Northeast ecosystem component
Organizations can be temporary (a fishing association formed to lobby on a specific regulation) or long-term (like the Gloucester Fishermen’s Wives Association or Massachusetts Lobstermen’s Association). Fishing cooperatives may be intermittent then close (like the Point Judith (RI) Cooperative) or the long-term (like the Point Pleasant and Belford (NJ) Cooperatives)1-3. Though cooperative-like, groundfish sector members do not necessarily share a common hometown or port of landing4. One factor in the success of all these organizations is social networks (aka social capital/social bonds) – social connections to others in the organization and outside people of influence5,6. Stronger social bonds aid in coping with adversity7.
- 1. Poggie, John J. "Maritime Anthropology: Socio-Cultural Analysis of Small-Scale Fishermen's Cooperatives: Introduction." Anthropological Quarterly (1980): 1-3.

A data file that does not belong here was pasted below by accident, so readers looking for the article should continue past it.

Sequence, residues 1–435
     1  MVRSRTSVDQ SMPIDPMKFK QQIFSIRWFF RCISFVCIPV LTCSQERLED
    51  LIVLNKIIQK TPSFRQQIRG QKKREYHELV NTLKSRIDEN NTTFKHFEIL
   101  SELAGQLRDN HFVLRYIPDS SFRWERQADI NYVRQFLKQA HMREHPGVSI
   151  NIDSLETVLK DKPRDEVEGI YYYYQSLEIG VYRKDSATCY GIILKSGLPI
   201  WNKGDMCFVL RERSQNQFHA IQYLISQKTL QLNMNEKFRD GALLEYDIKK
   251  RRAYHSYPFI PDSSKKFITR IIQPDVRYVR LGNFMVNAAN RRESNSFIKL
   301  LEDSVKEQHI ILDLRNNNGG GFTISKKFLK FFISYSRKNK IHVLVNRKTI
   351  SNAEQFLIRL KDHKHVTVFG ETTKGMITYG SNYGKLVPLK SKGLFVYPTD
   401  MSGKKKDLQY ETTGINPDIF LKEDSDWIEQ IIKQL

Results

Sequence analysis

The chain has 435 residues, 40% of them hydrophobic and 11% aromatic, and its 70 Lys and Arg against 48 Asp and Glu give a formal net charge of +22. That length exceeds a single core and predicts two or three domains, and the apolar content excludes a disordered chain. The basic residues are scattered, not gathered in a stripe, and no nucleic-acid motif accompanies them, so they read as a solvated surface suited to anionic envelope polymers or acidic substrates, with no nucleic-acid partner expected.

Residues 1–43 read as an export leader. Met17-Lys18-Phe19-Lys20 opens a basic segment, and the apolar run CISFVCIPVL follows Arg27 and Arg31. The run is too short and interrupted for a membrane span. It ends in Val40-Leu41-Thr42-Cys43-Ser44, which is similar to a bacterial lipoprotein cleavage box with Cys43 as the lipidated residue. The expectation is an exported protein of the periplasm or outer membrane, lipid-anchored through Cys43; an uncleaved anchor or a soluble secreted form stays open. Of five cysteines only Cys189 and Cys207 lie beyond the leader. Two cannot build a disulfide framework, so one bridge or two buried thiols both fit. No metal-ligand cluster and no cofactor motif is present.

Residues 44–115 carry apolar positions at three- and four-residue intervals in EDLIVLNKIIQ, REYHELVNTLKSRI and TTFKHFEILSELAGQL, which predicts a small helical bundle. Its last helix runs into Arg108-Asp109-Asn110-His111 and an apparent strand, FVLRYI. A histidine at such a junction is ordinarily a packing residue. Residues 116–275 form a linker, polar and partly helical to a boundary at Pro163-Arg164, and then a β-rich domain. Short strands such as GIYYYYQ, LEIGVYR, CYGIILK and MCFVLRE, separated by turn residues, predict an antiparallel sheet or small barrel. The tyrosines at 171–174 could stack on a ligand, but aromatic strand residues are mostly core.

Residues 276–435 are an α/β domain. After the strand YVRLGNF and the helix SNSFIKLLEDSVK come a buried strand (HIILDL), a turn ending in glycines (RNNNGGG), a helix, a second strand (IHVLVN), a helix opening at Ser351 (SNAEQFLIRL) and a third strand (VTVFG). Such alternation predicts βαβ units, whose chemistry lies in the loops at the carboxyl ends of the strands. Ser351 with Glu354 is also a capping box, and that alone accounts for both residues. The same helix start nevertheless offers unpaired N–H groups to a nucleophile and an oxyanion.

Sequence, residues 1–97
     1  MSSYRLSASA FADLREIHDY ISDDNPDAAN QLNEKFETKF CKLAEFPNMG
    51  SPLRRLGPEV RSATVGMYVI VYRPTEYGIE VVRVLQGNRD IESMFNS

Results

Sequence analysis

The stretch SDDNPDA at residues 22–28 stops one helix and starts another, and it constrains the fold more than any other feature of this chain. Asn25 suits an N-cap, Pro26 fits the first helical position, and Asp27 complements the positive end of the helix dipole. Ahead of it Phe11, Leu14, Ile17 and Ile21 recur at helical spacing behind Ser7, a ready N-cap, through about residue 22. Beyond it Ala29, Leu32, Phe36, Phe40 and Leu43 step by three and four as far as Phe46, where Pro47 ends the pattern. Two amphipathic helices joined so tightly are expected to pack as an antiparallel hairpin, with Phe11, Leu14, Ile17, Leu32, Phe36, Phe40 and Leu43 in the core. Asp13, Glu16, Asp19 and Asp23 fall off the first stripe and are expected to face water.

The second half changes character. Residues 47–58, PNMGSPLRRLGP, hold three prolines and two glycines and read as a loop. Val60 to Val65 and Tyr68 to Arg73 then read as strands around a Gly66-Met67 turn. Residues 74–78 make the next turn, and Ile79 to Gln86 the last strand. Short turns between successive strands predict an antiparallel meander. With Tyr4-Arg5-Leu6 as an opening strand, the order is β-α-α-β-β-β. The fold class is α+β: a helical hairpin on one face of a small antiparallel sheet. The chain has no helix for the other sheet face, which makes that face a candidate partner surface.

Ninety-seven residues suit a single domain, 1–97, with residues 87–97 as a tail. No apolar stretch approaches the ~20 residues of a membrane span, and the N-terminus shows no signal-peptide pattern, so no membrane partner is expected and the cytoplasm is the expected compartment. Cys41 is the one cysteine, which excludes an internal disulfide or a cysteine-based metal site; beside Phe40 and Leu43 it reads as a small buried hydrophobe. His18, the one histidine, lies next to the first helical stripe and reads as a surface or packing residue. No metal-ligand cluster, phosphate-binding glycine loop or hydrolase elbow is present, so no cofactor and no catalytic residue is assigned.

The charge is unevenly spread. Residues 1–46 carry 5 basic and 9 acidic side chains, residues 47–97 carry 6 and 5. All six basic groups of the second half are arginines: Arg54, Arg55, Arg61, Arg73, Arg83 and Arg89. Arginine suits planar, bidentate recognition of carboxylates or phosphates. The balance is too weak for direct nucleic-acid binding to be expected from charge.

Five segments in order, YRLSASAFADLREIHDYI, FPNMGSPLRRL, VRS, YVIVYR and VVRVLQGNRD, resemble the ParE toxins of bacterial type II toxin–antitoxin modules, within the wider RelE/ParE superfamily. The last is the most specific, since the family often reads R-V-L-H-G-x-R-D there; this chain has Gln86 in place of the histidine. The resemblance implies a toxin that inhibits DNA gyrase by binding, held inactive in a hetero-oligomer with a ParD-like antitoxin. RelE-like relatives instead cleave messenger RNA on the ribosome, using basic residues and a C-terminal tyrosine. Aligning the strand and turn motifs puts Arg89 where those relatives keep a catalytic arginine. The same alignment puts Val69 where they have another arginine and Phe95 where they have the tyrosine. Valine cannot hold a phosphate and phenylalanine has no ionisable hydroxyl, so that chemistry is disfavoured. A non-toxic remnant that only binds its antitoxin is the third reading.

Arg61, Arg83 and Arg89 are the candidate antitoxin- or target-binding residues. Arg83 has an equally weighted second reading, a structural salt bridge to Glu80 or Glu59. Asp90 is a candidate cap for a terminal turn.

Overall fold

- 2. Taylor, Michael. "Cooperation and rationality: Notes on the collective action problem and its solutions." The limits of rationality (1990): 222-249.
- 3. Pérez-Ramírez, Mónica, Germán Ponce-Díaz, and Salvador Lluch-Cota. "The role of MSC certification in the empowerment of fishing cooperatives in Mexico: The case of red rock lobster co-managed fishery." Ocean & coastal management 63 (2012): 24-29.
- 4. Olson, Julia, and Patricia Pinto Da Silva. "Changing boundaries and institutions in environmental governance: perspectives on sector management of the Northeast US groundfish fishery." Maritime Studies 13, no. 1 (2014): 3.
- 5.Holland, Daniel S., Andrew W. Kitts, Patricia Pinto Da Silva, and Joshua Wiersma. "Social capital and the success of harvest cooperatives in the New England groundfish fishery." Marine Resource Economics 28, no. 2 (2013): 133-153.
- 6. Hawkins, Robert L., and Katherine Maurer. "Bonding, bridging and linking: how social capital operated in New Orleans following Hurricane Katrina." British Journal of Social Work 40, no. 6 (2009): 1777-1793.
- 7. Clay, Patricia M., Lisa L. Colburn, and Tarsila Seara. "Social bonds and recovery: An analysis of Hurricane Sandy in the first year after landfall." Marine Policy 74 (2016): 334-340